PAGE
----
Ultimate Comics Spider-Man, Vol. 1: The World According to Peter Parker
written by Brian Michael Bendis
illustrated by David Lafuente
Six months after the Ultimatum Wave ripped through New York and killed millions, life is starting to return to normal. The city has been rebuilt, Spider-Man is a hero revered by the police and the public, and for Peter Parker and his friends, school is back in session. A darkness lingers, though, as Parker suffers from nightmares of the heroes murdered during Ultimatum, and a new villain, Mysterio, begins terrorizing New York with destructive illusions.
In 2000, Marvel launched the Ultimate lineup, reintroducing its most popular characters for a new generation of readers. Spider-Man, along with the X-Men and the Avengers (now The Ultimates in these new series), were once again freshly minted superheroes, stripped of decades of messy, overwrought history. There were no Age of Apocalypse, Messiah Complex, Clone Saga, or Brand New Day stories, each rooted in their own labyrinth of back-stories. It was a clean, authentic do-over, with no connection to any series that came before it.
After nearly a decade of stories, limited series, crossovers, and tie-ins, the Ultimate lineup began to develop its own mythology. Original ideas were few and far between, with much of the series composed of Ultimate versions of stories that had run their course years ago in the normal Marvel universe. Rather than breaking free and telling original stories, they were simply retelling old ones updated with a couple modern beats.
The exception was always Ultimate Spider-Man, thanks to writer Brian Michael Bendis. He wrote all 133 issues of the original run, and returns with the relaunched Ultimate Comics Spider-Man. While he borrowed heavily from the original Spider-Man comics, introducing classic and fan-favorite villains like Green Goblin, Dr. Octopus, and Venom, he always made it feel fresh and new by constantly having an expert grasp on his characters and their stories. Familiar characters were given new life. Venom was back, but he wasn't an alien symbiote from the Secret Wars; in fact, he had quite a personal connection to Peter Parker. Aunt May was no longer a doting matronly type, but a hip and fashionable modern woman who clued in on Peter's alter ego. Spidey's internal monologues were humorous, self-deprecating, sarcastic, and witty, filtered through a teenager's skewed worldview. And while Bendis borrowed from the original works, he was never beholden to them because the rule of the day was to have fun.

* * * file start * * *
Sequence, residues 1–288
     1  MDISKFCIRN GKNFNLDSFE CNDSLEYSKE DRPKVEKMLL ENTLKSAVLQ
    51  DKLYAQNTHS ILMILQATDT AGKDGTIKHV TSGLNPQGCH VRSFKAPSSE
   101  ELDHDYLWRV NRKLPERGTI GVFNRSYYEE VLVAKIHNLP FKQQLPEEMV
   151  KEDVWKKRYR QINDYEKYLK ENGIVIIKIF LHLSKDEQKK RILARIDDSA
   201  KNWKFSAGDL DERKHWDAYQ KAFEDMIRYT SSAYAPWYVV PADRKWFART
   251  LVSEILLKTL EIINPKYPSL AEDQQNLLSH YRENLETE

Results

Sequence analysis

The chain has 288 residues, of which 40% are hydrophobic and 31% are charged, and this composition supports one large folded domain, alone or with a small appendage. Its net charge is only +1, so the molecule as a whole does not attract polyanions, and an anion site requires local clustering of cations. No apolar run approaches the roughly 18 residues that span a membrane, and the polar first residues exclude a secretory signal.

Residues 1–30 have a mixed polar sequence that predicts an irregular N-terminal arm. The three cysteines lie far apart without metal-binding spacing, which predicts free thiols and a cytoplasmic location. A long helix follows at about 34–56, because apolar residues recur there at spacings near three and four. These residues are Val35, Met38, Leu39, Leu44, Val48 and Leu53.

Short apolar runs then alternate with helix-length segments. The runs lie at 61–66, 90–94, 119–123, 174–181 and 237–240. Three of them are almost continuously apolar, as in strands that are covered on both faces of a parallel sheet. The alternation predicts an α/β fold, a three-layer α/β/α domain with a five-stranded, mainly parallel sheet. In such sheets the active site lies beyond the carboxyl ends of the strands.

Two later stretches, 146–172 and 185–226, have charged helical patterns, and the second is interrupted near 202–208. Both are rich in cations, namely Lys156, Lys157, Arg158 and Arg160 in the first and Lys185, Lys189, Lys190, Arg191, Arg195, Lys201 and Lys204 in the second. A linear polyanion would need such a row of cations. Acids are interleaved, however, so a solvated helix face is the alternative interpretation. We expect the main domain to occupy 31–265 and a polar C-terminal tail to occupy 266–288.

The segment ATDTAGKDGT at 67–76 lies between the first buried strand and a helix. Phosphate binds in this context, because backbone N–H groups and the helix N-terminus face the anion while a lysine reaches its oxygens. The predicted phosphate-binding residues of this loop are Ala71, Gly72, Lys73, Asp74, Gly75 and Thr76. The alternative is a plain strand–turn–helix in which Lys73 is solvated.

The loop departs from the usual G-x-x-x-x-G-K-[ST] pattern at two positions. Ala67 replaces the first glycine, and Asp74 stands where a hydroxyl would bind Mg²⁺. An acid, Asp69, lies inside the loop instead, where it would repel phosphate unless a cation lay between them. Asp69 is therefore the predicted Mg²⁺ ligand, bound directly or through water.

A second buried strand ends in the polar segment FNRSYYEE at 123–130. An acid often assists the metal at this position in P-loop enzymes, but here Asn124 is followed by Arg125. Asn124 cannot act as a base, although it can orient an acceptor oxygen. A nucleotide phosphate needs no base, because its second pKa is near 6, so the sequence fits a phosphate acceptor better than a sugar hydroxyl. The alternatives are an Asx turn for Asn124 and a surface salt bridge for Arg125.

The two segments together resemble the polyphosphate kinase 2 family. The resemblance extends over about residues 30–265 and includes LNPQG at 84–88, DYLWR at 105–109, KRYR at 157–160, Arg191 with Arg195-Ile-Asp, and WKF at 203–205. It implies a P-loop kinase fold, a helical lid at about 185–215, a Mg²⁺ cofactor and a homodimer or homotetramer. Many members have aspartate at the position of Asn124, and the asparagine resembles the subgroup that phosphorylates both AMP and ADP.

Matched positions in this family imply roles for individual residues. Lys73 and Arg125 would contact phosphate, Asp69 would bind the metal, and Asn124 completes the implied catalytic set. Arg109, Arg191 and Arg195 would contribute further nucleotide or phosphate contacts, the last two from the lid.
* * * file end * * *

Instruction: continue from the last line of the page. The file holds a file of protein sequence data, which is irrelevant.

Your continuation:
The sensibilities Bendis brought to Ultimate Spider-Man fully carry over into the new run. Seeing Parker adjust to his new life—working at a fast-food joint after the collapse of The Daily Bugle, living with his girlfriend, Gwen Stacy, and being adored by the police, who happily pose with him at crime scenes—is entertaining. It can get a bit over the top, but Bendis is aware of this and so are his characters. Peter and his friends acknowledge the insanity around them at roughly the same time the reader begins to think things are getting too outrageous. It's a nice bit of self-reference that makes the craziness a bit more grounded and enjoyable.
David Lafuente's art initially appears too cartoony, a bit too anime-inspired. It's not difficult to adjust to, and, overall, it actually manages to work well with the story that's being told. While not as strong as the work of Mark Bagley, who penciled the majority of the previous series run, his action scenes are clean, panels flow well, and the large cast of characters are neatly distinguishable. Lafuente has a quirky habit of making Spider-Man's head oddly circular, though, and it's a strange stylistic choice considering Parker's decidedly un-circular structure.
Throughout its nearly decade-long run, Ultimate Spider-Man was consistently enjoyable. Bendis had a firm grasp on his characters and the stories he wanted to tell, wrote fun, easy-reading dialogue, and made the series fresh at a time when Marvel's various in-continuity Spider-Man series were feeling stale and overwrought. Relaunched and rebranded, Ultimate Comics Spider-Man picks up the pieces from the end of the previous series, but it doesn't dwell on the distasteful events of Ultimatum. It pushes forward as a fun new series that brings in a new villain, introduces a new hero, and bring some familiar faces along for the ride.-- Michael Hicks